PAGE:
The juvenile F. mutica used for the experiment were artificially produced in the Kyoto Prefectural Agriculture, Forestry, and Fisheries Technology Center and then farmed in Kunda Bay, Kyoto, Japan (35°33′30″ N, 135°15′4″ E) for about 2 months. Before the experiment, the individuals were kept in aerated, algae-free seawater that flowed through a breeding tank, for a period of 2 days. Shell length was 42.3 ± 2.4 mm (mean ± SD, n = 40) at the start of the experiment. All procedures performed in this study were in strict accordance with the “Guidelines for Animal Experimentation of Seikai National Fisheries Research Institute (SNFRI), Japan Fisheries Research and Education Agency, Japan” and “Guidelines for the Care and Use of Live Fish at SNFRI”.

Cultivation of the phytoplankton used for the feeding experiment in the laboratory

The cultured diatom Chaetoceros sp. (closely related to C. neogracile) was used as bivalve feed for the laboratory experiment. This genus of algae is a typical prey organism used in bivalve seedling production and aquaculture, because this alga can be cultivated in large quantities and high growth of bivalves can be obtained. Cultures were maintained for 2 days in 30-L polycarbonate tanks, containing 20 L of seawater medium (Table 1) with a salinity of 33 psu, at 19–20 °C under about 3600 lx of 24 h continuous cool-white fluorescent illumination, and used for the experiment in the logarithmic growth phase when the algal density reached 4.0–6.0 × 106 cells mL−1. Cultures were inoculated at 1.0–1.8 × 106 cells mL−1.
Table 1

Components of the seawater medium used for Chaetoceros sp. culture

Component

Quantity

Seawater medium

 Sterilized filtered seawater

20 L

 NaNO3

2.4 g

 Na2HPO4

3.36 g

 Na2Si3

0.24 g

 NaHCO3

30–40 g

 Clewat-32a

0.8–1.2 g

 Vitamin mixture solutionb

24 mL

bVitamin mixture solution

 Distilled water

5 L

 Vitamin B1

500 mg

 Vitamin B12

1 mg

 Biotin

5 mg

aEssential metal additives manufactured by Nagase ChemteX Corporation, Osaka

Feeding procedure in the laboratory experiment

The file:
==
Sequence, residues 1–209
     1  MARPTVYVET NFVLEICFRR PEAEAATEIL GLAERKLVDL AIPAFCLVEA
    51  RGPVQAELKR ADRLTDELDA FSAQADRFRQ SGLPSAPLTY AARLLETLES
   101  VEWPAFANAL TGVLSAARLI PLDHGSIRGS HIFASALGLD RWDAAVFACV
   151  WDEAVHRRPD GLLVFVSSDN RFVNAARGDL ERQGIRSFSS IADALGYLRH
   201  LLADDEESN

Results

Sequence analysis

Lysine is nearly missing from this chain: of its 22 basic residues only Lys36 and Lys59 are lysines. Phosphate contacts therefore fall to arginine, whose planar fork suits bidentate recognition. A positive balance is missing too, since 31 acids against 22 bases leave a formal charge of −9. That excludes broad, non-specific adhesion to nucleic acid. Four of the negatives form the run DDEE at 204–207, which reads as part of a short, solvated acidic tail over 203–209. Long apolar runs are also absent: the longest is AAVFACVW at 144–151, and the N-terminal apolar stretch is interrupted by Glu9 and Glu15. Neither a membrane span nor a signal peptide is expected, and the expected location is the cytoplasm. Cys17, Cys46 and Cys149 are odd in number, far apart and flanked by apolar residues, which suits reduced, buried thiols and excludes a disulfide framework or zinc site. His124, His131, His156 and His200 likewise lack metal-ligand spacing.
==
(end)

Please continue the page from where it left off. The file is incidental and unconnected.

To examine the relationship between the quantity of Chaetoceros sp. ingested and the growth rate of juvenile F. mutica, the organisms were reared in the equipment illustrated in Fig. 1 for 2 weeks. A gradient for the quantity of ingested Chaetoceros sp. was established based on the five different chl-a concentrations of the breeding seawater, which was stocked in 500-L polyethylene tanks. The water was renewed every morning (10:00) by adding filtered (1-μm pore size, Advantec MFS Inc., Tokyo, Japan) seawater (salinity 33 psu) to each tank, and the chl-a levels were adjusted to the five different concentrations (0, 2, 5, 10, and 20 μg chl-a L−1) by adding an appropriate amount of cultured diatoms. Thus, in the present study, the amount of phytoplankton is expressed as the amount of chl-a, and this can be converted to number of Chaetoceros sp. cells as indicated in Supplementary Figure (Fig. 2). The seawater in the tanks was circulated using electric submersible pumps (CSL-100, Terada pump MFG. Co. Ltd., Nara, Japan), and flowed to the cockle-breeding bottles (outer diameter: 90 mm, height: 118 mm) through the pathways diverging from the center of the circulation pathway (Fig. 1a). Each breeding bottle (n = 25), containing a 4-cm thick anthracite layer (grain size: 1.5–2.0 mm, Tohkemy Co. Ltd., Osaka, Japan) and one individual cockle was allowed to overflow with breeding seawater (n = 5 bottles for each chl-a concentration, Fig. 1a, b). The flow rate to each breeding bottle (water volume: 109.6 ± 16.8 mL, n = 25) was regulated at approximately 2 L h−1, and it was calculated daily, because it was slightly altered (see the next section for details). The temperature was maintained at 25 °C (± 0.3 °C) by the temperature-controlled water that flowed through a 50,000-L concrete pool (Fig. 1c). The water chl-a concentration of each 500-L tank was measured with a fluorometer (model 8000-010, Turner Designs, Sunnyvale, California, USA) shortly after the water renewal conducted each morning. Twenty-four hours after that, the chl-a concentration and the amount of water lost from each 500-L tank was determined. Additionally, the daily chl-a concentration in the breeding water was defined as the average value at 0 h and 24 h after water renewal.